The one I found the hardest was one I didn’t even see coming. H struggled with the interrupted nights (and continues to) – she’s a newborn, I expected that. And, lucky me, I can function on significantly less sleep than he does. Also, I don’t have to go to work… but precisely that turned out to be the challenge.
We had always had comparable jobs, with similar expectations of how much commitment to put in. And now suddenly I was at home all day (quite literally, trying to go outside at least for a short walk every day, but sometimes not succeeding until after dark) doing the most challenging and most amazing job I’d ever done, while he had to return to business as usual after a week.
Perhaps like every new family, we had (have) many things to take care of – unfinished paperwork for my leave, doctors appointments, keeping the house from falling apart and everyone fed, thank-you emails, etc. Nothing major. If I managed to take care of one item, or just run the dishwasher or a load of laundry, in addition to keeping SB fed, clean and cuddled, I felt like I had accomplished something. But when my husband came home and went through his long list, that feeling quickly vanished. We were both frustrated – him because “nothing got done” and he was freaking out, me because I felt he didn’t appreciate how much work I was doing – a labor of love, sure, but still a lot of work. Being part of the “independent women” generation, consciously or not, didn’t help. I want to pull my share. Being home full time, I tried to do all the housework – but most of it usually wasn’t happening, so that didn’t really help.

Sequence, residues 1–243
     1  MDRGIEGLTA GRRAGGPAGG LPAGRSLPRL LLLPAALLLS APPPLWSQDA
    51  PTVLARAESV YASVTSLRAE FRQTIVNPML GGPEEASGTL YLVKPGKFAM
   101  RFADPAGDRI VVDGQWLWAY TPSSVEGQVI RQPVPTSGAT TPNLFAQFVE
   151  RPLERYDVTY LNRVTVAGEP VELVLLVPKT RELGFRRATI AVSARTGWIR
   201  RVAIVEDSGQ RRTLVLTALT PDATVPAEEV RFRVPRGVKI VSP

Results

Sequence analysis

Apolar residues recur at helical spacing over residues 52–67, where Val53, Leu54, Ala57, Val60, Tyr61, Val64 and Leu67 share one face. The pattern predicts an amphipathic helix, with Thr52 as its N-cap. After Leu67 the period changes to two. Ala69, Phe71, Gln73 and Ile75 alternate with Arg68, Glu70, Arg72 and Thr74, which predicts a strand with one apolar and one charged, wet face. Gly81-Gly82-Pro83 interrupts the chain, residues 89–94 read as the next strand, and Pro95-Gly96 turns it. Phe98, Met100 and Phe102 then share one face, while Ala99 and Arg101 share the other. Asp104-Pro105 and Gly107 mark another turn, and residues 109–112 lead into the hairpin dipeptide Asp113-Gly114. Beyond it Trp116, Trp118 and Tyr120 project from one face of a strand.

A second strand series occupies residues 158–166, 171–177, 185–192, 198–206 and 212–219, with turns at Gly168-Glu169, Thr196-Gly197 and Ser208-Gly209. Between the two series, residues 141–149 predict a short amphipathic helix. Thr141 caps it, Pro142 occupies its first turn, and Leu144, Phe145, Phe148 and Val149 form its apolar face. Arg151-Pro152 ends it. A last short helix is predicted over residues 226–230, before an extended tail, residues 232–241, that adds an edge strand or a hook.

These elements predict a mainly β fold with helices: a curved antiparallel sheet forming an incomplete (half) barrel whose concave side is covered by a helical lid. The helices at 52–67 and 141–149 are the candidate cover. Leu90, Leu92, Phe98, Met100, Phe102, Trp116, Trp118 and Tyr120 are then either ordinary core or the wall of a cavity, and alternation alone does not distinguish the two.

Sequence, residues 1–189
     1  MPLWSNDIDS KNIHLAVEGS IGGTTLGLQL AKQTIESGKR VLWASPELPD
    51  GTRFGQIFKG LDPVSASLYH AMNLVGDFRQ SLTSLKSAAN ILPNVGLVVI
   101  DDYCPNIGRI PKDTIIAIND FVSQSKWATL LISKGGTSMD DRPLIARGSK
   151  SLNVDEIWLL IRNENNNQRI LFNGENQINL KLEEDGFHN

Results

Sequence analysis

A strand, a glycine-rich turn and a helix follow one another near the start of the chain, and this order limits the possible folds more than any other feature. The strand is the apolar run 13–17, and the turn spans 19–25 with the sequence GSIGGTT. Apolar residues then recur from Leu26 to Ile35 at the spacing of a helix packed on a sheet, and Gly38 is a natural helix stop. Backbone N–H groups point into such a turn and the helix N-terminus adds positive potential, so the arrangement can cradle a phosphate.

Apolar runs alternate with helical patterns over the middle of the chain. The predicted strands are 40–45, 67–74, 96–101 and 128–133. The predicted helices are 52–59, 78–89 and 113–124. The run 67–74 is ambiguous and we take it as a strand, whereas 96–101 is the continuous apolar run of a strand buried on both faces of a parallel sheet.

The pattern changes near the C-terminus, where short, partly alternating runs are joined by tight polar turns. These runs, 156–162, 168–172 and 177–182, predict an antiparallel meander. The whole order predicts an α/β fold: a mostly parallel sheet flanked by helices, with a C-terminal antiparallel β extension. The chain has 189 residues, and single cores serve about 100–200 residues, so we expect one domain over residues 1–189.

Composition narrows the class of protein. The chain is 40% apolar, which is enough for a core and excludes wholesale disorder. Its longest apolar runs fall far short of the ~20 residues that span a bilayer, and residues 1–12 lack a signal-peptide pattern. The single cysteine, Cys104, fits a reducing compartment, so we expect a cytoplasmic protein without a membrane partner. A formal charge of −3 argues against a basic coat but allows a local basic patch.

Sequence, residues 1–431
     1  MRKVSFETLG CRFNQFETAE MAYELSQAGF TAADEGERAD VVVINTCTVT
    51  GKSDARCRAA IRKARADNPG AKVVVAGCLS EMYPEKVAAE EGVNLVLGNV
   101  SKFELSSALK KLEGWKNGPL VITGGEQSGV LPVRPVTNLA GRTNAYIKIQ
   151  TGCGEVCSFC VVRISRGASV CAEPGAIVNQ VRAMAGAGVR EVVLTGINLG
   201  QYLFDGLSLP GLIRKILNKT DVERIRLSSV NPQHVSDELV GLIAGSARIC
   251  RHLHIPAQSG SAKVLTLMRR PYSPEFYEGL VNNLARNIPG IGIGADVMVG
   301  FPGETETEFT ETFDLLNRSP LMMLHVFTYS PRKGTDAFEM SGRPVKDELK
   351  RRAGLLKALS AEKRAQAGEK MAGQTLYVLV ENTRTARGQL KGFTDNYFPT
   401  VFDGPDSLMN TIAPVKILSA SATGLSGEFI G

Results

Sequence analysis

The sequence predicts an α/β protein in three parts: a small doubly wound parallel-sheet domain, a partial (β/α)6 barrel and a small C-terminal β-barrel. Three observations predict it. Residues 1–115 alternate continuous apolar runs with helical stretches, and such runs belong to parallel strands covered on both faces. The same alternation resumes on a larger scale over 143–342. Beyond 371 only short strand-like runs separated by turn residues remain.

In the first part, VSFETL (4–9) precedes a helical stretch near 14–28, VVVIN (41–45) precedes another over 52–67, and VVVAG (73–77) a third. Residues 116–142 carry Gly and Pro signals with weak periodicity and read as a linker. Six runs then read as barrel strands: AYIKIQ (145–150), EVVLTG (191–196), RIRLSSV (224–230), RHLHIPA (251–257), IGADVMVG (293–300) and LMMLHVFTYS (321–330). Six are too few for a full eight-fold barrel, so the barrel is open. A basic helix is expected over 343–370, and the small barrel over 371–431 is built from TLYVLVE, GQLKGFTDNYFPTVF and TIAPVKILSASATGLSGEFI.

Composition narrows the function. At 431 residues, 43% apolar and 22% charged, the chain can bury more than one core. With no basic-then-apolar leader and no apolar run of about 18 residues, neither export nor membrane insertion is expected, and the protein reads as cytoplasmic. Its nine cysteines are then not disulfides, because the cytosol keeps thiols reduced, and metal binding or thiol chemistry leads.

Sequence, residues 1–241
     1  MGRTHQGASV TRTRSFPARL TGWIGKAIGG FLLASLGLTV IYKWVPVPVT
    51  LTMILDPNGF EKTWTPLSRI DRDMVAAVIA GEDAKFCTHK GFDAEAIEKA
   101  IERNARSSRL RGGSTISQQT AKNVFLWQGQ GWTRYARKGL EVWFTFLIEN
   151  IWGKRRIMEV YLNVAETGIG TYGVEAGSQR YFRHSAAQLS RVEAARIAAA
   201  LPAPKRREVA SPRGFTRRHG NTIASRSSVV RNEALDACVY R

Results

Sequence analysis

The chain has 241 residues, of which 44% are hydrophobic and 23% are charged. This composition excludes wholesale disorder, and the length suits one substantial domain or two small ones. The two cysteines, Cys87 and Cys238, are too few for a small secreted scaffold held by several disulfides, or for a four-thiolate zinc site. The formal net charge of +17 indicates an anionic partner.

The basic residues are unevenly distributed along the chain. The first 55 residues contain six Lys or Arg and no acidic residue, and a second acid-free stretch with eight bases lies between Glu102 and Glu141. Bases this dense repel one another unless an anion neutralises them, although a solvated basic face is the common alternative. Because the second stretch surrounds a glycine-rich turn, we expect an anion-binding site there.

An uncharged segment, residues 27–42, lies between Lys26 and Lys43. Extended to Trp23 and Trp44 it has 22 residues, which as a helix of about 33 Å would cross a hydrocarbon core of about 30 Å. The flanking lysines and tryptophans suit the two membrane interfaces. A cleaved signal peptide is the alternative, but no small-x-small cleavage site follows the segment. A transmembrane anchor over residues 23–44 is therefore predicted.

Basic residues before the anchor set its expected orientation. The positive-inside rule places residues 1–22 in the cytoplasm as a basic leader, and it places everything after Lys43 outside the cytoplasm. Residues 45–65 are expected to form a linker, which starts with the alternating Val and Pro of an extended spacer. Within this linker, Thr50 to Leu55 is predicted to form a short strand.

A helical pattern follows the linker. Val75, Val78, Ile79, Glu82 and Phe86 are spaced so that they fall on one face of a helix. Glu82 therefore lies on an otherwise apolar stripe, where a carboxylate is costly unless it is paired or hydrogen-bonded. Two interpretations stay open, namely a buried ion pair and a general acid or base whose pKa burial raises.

On the other hand, H is unhappy because he doesn’t get to spend as much time with his baby as he’d like. It’s not his choice – postdocs here get zero paternity leave, his new contract just started and vacation does not carry over… Lots of little things piling up to significant frustration. Two sleep-deprived people in challenging and unfamiliar but different situations – it’s not always been pretty.
Over the long weekend we had several days with basically nothing getting done. While that hasn’t helped H’s panic about his very long list, I hope he now has a better understanding of how my days are, and that not crossing off items isn’t purely laziness on my part. (Which is not to say that I sometimes prefer to cuddle a sleeping baby instead of transferring her to her crib and taking care of visa paperwork. Chances are she’ll wake up and the net effect is the same, just with more crying.)
It’s been quite a change, with unexpected difficulties. I’m curious how we will manage once I go back to work (a topic that deserves a post of its own, or two). And whether the insights from this weekend will have an effect. We’ll try to focus on the moments when we both coo over our adorable daughter. That’s where “it’s just a phase” becomes bittersweet – some of it is hard, but I (we) wouldn’t want to miss it for the world.